Dipodacus ingens which has been found in:

Wine cellars, industrial waste.

Or the Debaryomyces etchellsii, found in:

Fermenting cucumbers and fruit fly in USA, tinned butter in India, faeces of human being in Brazil.


I am struck by how these yeasts are hosted by such varied sites of living and non-living, natural and processed bodies.

Yeasts don’t all reproduce the same, but there is a group of them (including the ones that assist in the creation of bread, wine, and beer) that produce a daughter cell as a bulbous bud growing off the side of its body – like a pregnant belly. When the daughter cell breaks off it retains a ‘birth scar’ (just as we have a belly-button). ‘bud scars’ on the other hand are present on the parent every time they then produce a daughter. I thought this was fascinating, and potentially quite unique, because I couldn’t think of an insect, animal or human that showed on it’s skin how many children it had given birth to.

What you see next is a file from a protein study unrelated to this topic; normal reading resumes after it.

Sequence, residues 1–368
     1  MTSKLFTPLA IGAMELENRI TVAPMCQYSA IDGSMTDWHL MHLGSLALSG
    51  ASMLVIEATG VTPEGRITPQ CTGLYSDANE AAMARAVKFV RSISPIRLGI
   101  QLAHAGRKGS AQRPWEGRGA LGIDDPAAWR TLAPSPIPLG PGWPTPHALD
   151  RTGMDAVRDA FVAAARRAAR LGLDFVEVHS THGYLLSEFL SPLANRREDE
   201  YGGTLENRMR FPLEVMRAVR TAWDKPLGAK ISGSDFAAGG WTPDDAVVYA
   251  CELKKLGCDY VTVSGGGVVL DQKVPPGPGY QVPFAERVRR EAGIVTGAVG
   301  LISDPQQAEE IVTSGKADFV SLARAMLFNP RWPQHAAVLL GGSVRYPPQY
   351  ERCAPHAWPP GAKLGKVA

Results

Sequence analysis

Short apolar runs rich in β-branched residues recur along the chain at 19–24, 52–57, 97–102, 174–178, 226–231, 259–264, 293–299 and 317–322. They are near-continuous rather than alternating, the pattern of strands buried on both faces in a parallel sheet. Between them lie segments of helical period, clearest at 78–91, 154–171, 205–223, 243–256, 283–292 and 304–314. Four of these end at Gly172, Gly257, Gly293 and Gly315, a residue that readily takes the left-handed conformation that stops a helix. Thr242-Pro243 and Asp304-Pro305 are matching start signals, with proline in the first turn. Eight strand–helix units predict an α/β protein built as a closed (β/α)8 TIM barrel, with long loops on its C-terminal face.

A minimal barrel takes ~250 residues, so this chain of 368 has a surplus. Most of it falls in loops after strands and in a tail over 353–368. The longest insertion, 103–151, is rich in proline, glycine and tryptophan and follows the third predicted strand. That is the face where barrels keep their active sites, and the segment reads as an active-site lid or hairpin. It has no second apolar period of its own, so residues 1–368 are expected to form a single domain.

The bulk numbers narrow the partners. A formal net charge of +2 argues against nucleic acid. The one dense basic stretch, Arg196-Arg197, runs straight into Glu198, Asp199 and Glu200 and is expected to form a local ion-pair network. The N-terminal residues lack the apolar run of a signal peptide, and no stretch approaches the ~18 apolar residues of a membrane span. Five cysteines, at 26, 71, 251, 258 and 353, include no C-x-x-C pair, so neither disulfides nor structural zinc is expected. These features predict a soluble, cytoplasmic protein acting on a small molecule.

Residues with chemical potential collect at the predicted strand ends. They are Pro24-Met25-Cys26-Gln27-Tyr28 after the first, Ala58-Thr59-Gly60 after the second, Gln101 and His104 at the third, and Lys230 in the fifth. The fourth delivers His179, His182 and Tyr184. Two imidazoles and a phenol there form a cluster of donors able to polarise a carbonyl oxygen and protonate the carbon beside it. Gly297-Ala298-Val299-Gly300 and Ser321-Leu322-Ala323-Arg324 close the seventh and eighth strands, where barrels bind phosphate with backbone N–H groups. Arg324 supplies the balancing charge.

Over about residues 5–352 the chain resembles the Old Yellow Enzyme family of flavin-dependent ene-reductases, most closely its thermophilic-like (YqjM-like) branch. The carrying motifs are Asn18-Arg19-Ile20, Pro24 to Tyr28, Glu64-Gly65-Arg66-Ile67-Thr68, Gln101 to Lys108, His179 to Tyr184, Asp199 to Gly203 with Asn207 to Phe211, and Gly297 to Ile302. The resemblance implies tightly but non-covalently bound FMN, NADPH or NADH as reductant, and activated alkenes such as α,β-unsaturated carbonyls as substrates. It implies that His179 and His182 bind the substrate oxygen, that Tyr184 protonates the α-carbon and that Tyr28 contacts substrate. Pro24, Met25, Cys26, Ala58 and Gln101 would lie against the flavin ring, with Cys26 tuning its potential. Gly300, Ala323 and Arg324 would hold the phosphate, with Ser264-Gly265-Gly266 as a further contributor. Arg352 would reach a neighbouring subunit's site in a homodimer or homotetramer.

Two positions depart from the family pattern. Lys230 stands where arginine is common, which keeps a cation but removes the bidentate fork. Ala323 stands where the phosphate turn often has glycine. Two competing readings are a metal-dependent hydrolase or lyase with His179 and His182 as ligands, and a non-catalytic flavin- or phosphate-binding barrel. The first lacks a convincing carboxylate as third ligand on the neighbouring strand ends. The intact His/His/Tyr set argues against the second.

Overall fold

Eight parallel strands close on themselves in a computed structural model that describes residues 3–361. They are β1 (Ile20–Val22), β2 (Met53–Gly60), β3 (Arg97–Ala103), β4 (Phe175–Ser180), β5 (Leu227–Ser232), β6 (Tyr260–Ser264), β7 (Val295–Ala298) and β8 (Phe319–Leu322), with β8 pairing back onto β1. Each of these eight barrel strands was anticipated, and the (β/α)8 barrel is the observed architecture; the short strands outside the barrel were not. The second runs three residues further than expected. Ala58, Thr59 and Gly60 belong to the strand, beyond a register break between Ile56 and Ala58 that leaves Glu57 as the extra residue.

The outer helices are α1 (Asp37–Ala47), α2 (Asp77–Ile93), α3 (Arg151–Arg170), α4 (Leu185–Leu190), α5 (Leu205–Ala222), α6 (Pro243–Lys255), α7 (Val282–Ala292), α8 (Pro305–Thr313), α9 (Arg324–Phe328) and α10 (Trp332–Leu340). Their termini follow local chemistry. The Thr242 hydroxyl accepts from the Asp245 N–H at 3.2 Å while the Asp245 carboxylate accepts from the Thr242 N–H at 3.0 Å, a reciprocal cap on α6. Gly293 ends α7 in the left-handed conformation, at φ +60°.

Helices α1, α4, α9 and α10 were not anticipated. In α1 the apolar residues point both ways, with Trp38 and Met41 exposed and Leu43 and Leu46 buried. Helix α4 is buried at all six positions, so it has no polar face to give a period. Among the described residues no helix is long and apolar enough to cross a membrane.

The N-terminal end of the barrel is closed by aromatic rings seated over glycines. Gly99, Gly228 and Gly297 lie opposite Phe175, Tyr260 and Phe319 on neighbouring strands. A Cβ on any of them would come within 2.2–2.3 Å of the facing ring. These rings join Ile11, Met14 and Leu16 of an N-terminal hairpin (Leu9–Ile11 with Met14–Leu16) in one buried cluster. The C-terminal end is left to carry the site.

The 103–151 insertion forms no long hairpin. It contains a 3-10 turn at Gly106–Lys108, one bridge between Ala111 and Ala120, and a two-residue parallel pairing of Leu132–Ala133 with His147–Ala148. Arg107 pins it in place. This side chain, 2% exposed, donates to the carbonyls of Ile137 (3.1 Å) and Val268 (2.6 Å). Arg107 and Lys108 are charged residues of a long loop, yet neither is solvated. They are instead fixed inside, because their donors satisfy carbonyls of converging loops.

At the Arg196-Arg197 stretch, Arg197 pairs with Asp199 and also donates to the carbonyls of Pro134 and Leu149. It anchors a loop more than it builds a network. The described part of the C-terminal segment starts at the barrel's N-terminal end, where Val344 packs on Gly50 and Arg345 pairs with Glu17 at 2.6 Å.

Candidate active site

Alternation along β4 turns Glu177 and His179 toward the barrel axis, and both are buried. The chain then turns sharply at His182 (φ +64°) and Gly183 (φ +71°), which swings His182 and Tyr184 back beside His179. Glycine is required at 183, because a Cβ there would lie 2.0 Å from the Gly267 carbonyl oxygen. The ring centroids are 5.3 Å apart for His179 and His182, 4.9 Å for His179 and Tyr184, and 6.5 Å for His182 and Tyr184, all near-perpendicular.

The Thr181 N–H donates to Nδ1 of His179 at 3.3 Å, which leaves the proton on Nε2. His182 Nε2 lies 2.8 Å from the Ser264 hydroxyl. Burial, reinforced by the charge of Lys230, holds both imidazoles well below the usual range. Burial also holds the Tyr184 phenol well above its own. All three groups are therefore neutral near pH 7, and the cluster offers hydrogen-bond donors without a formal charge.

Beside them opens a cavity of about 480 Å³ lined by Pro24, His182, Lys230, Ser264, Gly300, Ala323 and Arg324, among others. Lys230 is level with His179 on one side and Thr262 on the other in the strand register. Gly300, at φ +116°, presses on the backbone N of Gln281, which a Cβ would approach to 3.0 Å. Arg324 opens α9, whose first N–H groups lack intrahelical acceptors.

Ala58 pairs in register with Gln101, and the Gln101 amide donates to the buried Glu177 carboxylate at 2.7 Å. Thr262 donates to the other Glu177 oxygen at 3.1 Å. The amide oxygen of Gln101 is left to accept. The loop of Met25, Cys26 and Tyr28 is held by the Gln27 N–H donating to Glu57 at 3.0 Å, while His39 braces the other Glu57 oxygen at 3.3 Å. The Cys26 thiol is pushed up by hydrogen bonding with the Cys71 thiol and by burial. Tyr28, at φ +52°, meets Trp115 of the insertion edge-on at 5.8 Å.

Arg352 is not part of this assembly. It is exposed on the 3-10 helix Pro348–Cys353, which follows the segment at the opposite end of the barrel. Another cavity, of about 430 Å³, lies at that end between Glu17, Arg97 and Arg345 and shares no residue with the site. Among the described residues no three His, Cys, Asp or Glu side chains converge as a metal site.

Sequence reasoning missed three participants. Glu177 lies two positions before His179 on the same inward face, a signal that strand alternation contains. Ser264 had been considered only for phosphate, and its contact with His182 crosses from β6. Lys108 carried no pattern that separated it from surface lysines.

“Bud scars, when viewed from the outside of the wall, show a circular brim, slightly raised above the cell surface. The brim surrounds a slightly sunken area, which shows a concentric pattern around a small central depression.”   

Pg 26, The Life of Yeasts. H.J. Phaff, M.W.Miller, E.M.Mrak 1966.

Thank you to Simon for sharing his knowledge on yeasts.


A picture in one of Simons books of yeast colonies


A work I made a few years ago printing with kipfler potatoes which reminded me so much of the images of yeast